Abner Pastoll’s thriller A Good Woman Is Hard to Find opens with its main character, Sarah Collins (Sarah Bolger), naked and covered in blood, getting into the shower to wash off the evidence of some clearly horrific incident. But it then takes nearly an hour to get back to that point, turning from a gritty exploitation movie into the kind of kitchen-sink British working-class drama created by filmmakers like Ken Loach or Mike Leigh.
Sarah lives on a Belfast council estate with her two young children, Lucy (Macie McCauley) and Ben (Rudy Doherty), and is struggling to make ends meet after the murder of her husband. She enters the grocery store with a strict budget down to the last penny, and she’s still harassed by a condescending, leering employee, who obviously targets her for her poverty and her gender. When she goes to the police station for an update on her husband’s case, she isn’t able to get past the front desk. She’s told to go home and forget all about it. Even her mother speaks ill of her late husband and pleads with her to move away from her rough neighborhood.
Sarah’s mother probably has a point because one day Sarah is accosted by local hoodlum, Tito (Andrew Simpson), who’s just robbed a cache of drugs from some very dangerous local dealers and broken into Sarah’s house to hide out from the people chasing him. Under threat of violence, he uses Sarah’s home as a hiding place for his stash, insisting she take a cut of the proceeds. Even as Sarah and her kids are increasingly in danger, the movie stays fairly grounded and low-key, and Tito is less of an unhinged psychopath than just a confused, misguided loser who can’t control his anger.
Even with a pair of goons looking for Tito, the movie maintains that measured pace until its final act, when it belatedly turns into the kind of grindhouse-style revenge thriller promised by the opening scene. That makes the occasional check-ins with cartoonishly menacing crime boss Leo Miller (Edward Hogg) especially jarring when they come in between quiet scenes of Sarah dealing with her scared kids or arguing with her mother.
TV veteran Bolger makes the most of her chance for a substantial lead role, and Sarah’s anguish over her husband’s murder and frustration at her circumstances feel genuine. At the same time, the story is slow and meandering, with underdeveloped characters and subplots. Traumatized by witnessing his father’s murder, Ben no longer speaks, but aside from one brief appointment with a therapist, his emotional distress is largely ignored. Sarah’s relationships with her kids and her mother are loosely sketched, although there is one scene late in the movie that shows the deeper connection between mother and daughter.
Tito, too, is an inconsistent character, both threatening and ingratiating. But what could be regarded as complex characterization is instead just a means to an end to push Sarah into an even more desperate position as the movie heads into its climax. There’s nothing wrong with positioning the supporting characters to further Sarah’s development, but it makes nearly two-thirds of the movie feel like protracted set-up, and the subdued dramatic tone is at odds with the revenge-thriller feel of the finale.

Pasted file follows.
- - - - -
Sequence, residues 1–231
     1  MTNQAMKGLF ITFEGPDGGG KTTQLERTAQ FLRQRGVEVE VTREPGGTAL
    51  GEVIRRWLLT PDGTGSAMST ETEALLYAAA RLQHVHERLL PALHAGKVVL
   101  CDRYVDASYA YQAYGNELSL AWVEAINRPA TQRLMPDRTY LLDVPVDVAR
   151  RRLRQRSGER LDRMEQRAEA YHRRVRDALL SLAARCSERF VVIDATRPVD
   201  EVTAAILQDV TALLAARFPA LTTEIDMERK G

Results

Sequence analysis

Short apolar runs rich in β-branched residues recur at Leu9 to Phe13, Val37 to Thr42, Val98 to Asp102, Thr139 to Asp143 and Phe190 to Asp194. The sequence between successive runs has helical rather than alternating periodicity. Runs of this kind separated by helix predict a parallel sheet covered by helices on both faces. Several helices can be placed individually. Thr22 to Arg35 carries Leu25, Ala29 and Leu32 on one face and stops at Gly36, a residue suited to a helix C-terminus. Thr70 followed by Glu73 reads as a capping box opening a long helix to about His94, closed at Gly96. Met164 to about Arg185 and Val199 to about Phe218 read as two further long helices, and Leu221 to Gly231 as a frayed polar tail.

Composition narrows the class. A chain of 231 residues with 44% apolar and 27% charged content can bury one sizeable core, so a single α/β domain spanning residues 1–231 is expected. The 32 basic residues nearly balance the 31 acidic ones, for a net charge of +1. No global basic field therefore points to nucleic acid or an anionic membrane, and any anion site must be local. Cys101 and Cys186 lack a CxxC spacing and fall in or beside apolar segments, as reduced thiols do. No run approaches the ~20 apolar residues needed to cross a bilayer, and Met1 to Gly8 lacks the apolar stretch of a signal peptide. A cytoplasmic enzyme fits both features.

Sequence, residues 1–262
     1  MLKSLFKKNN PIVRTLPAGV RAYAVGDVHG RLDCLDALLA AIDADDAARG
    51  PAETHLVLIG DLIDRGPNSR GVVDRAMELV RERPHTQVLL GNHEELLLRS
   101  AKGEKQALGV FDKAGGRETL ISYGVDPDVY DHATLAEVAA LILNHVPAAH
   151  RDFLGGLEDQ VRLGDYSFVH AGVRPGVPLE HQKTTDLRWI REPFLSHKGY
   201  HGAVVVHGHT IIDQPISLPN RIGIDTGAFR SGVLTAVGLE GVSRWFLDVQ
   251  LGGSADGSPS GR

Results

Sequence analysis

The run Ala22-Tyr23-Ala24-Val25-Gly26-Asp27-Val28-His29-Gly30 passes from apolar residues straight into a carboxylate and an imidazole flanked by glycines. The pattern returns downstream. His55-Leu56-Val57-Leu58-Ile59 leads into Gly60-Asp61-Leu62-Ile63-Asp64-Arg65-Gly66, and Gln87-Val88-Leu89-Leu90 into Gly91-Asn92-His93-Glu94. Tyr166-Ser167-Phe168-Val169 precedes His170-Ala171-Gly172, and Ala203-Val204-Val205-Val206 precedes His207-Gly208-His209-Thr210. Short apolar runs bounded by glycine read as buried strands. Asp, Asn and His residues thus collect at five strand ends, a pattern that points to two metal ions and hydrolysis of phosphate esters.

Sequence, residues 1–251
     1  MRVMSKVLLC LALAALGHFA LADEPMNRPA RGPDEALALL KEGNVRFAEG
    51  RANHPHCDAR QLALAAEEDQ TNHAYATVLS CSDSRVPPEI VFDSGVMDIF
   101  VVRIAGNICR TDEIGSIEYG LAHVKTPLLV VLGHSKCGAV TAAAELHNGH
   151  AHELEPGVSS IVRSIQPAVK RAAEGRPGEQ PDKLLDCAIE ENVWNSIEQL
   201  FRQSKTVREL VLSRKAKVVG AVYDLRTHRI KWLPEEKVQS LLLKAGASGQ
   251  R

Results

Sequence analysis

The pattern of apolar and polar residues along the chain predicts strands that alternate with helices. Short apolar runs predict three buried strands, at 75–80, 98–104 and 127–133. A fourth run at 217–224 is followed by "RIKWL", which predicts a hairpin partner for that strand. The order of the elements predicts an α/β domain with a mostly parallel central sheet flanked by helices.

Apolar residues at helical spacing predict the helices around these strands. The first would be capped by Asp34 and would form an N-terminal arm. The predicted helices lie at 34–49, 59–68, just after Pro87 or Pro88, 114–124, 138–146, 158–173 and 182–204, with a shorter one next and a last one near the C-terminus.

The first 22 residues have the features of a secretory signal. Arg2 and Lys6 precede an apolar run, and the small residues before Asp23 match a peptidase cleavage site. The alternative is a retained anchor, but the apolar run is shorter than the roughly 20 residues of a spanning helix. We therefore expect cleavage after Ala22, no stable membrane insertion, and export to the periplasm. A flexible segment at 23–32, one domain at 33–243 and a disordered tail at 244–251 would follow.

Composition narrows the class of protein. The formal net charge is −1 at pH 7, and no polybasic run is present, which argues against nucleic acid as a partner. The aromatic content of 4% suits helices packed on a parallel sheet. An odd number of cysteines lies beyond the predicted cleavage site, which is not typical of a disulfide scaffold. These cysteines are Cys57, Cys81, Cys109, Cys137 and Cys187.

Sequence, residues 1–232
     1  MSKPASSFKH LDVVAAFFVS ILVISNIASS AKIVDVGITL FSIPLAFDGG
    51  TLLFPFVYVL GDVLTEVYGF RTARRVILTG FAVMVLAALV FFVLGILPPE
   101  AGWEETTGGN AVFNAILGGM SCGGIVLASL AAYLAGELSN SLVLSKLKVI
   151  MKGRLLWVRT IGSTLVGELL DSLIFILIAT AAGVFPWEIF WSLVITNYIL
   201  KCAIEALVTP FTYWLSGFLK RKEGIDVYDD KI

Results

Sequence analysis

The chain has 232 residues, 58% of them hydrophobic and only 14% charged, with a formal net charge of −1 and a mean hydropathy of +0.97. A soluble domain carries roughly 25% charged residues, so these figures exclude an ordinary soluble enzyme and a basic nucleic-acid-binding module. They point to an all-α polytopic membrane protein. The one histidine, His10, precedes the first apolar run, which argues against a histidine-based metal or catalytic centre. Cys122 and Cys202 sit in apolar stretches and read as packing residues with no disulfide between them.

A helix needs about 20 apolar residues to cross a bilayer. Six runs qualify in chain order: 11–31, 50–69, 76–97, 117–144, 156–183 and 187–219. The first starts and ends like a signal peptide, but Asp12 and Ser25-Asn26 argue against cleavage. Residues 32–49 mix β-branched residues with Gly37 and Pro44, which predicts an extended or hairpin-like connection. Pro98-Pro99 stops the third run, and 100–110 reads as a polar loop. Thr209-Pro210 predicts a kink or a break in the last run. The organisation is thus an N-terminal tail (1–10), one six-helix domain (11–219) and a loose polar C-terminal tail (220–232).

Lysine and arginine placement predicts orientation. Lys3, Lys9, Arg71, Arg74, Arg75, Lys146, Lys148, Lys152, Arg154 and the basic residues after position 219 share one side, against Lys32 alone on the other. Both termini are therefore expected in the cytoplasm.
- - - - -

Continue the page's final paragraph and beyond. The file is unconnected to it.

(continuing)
Once Sarah goes past the point of no return, though, the movie comes to life, and Bolger’s performance as the righteously vengeful Sarah is even stronger than her performance as the depressed, downtrodden Sarah. The contrast between the movie’s clashing tones works effectively when Pastoll is showing flashes of Sarah’s violent frenzy while she attempts to have a calm conversation with her mother, and in general the more that Sarah has to deal with extreme situations, the more powerful the movie becomes.
Unfortunately, by that point the movie is nearly over, and while the climactic confrontation features one of the most entertainingly nasty places to hide a gun, it’s not quite enough to make up for the lethargy of the first hour or so. Although Pastoll and screenwriter Ronan Blaney attempt to connect Sarah’s family trauma to her battle with Leo and his henchmen, it’s hard to take that distress seriously when it’s directed at such a silly villain. Sure, Leo tortures Tito’s associates to extract information, but with his weird obsession with proper grammar and maniacal grin, he’s far more laughable than scary.
In the end, Sarah is closer to the Punisher or Jennifer Garner’s character from Peppermint than a harried working-class mother, and the visual style turns neon-soaked and garish to match. A brief post-credits stinger suggests a further career for Sarah as a vigilante, but the movie equivocates for too long on its way there. A Good Woman Is Hard to Find is a grimy exploitation movie trying too hard to seem respectable.
Starring Sarah Bolger, Edward Hogg, Andrew Simpson, Macie McCauley and Rudy Doherty, A Good Woman Is Hard to Find is available Friday on VOD.
A Good Woman Is Hard to Find's subdued dramatic tone is at odds with the revenge-thriller feel of the finale.